Activist farmer-shareholders in Dunedin-based Silver Fern Farms have urged other farmers to hold off voting on Shanghai Maling Aquarius' offer to inject $261 million into the company until an alternative proposal had been evaluated.
South Island shareholders Allan Richardson and John Cochrane said shareholders should attend shareholder roadshows and ask questions of the board, but should not vote early on the proposal as further options were likely. Richardson declined to identify who the competing party was.
Earlier this month, South Island businessman John Rodwell said a number of agribusiness companies had clubbed together with an offer to underwrite a rights issue aimed at Silver Fern's farmer shareholders.
Richardson said that "concrete" alternatives to the Shanghai Maling offer were likely to emerge within the offer period. Farmers can vote on the offer electronically in the leadup to October 16 special meeting in Dunedin.
"All we are saying is delay your vote," said Richardson said in a statement "There is plenty of time to place your vote, but use the time available to evaluate options," he said.
Richardson said it was likely another option capable of preserving co-operative ownership and control would be forthcoming before voting closed.
The original reason for the capital raise has been promoted as the company not being a bankable proposition, Cochrane said.
"The strong operating fundamentals and significant pay down of debt over the last three years suggests that the banks reluctance to refinance is less about the banking proposition itself and more about members of the banking syndicate wanting to exit the syndicate," he said.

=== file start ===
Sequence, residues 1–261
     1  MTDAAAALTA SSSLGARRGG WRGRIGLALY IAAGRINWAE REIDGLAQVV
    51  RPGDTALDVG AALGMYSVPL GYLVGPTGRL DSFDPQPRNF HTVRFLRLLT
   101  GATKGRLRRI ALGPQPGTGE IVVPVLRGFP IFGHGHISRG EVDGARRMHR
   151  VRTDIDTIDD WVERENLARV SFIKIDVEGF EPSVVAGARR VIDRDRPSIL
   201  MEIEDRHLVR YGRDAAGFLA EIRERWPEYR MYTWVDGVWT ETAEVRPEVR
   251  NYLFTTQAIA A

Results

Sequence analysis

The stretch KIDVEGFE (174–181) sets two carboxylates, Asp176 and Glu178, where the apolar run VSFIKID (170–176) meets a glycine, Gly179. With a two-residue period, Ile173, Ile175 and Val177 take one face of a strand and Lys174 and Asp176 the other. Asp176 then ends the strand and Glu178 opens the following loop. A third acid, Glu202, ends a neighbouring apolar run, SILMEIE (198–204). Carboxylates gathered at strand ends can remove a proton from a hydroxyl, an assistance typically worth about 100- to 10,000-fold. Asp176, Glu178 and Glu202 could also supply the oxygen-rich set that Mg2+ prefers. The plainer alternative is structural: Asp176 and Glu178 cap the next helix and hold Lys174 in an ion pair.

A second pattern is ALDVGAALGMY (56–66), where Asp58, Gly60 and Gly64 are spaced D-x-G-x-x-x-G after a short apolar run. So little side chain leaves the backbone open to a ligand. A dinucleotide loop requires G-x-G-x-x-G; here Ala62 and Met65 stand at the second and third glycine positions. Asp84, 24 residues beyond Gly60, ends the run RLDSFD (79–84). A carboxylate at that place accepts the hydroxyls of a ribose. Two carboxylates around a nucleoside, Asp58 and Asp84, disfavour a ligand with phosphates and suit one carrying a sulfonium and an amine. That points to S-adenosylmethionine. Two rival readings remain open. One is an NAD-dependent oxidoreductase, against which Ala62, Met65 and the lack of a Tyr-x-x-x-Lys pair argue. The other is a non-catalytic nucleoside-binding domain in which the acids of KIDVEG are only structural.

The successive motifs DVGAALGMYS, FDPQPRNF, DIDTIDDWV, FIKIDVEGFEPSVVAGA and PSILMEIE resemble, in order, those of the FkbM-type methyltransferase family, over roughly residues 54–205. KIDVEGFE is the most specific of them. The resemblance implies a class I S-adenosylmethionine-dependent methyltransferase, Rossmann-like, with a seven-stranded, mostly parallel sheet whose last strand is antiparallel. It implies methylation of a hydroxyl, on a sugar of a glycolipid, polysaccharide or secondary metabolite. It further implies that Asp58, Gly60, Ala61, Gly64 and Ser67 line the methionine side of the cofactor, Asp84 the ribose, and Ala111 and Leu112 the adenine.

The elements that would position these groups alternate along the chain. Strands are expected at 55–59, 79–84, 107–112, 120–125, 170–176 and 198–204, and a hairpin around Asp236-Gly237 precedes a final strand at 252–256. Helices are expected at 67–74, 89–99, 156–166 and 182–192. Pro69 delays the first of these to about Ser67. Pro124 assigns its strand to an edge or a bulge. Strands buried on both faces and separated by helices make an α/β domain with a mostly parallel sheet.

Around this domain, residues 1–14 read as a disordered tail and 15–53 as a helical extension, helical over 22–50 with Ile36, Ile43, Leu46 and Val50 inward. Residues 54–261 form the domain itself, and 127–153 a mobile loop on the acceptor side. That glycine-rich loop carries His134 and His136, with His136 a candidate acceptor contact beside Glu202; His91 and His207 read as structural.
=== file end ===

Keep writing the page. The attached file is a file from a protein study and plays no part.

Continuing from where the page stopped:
"Silver Fern Farms is not only bankable but provides a genuinely attractive investment proposition," Cochrane said , "why else are foreign investors seeking control?"
Richardson and Cochrane have been active in trying to get Silver Fern Farms and neighbouring Alliance Group to consider a merger rather than bring in foreign capital and dilute farmer ownership of the co-operative, which is New Zealand's biggest meat processor and second biggest primary produce exporter after Fonterra.
Silver Fern Farms is not only bankable but provides a genuinely attractive investment proposition. Why else are foreign investors seeking control?
Richardson and Cochrane said Silver Fern Farms' year end debt of $140m represented just 20 per cent of total assets as opposed to 46 per cent two years prior, when the debt was over $300m.
"In short there is a potential upside of circa 80c/share annually sitting there ready to be gathered by farmer shareholders. "We are in danger of selling the golden goose to Shanghai Maling just before it lays its eggs," Cochrane said.
Silver Fern Farms has 16,000 sheep, cattle and deer farmer-shareholders throughout New Zealand. It owns 19 processing sites throughout New Zealand and has 7,000 staff at the pea of the season.
Shanghai Maling and Silver Fern are confident the new joint venture will the approved. The deal subject to Overseas Investment Commission and Chinese regulatory approval.